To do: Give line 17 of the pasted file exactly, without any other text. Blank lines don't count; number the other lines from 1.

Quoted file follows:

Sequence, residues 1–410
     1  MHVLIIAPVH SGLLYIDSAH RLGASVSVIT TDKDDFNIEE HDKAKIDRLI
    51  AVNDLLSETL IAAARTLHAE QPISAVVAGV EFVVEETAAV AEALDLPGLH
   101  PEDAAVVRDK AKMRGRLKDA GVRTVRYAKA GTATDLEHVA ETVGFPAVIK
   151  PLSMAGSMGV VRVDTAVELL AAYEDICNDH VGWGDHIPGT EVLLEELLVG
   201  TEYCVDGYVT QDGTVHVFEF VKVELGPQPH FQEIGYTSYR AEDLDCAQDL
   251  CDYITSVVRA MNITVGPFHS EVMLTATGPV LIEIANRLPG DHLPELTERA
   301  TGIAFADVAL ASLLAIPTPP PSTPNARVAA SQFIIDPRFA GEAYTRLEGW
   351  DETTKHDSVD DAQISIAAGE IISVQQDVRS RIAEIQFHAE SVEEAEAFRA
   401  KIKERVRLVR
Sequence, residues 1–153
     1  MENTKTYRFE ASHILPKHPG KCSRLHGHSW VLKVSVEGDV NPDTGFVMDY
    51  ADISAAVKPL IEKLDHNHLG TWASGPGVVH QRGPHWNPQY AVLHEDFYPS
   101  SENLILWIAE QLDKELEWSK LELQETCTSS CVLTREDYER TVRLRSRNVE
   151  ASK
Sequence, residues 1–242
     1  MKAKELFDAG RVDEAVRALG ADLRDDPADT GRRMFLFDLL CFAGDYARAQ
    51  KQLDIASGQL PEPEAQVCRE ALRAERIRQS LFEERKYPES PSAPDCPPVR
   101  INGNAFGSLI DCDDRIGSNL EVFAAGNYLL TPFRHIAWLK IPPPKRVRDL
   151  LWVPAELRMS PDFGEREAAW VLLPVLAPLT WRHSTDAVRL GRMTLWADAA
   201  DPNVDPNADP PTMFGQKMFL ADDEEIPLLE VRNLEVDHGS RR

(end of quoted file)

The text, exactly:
     1  MKAKELFDAG RVDEAVRALG ADLRDDPADT GRRMFLFDLL CFAGDYARAQ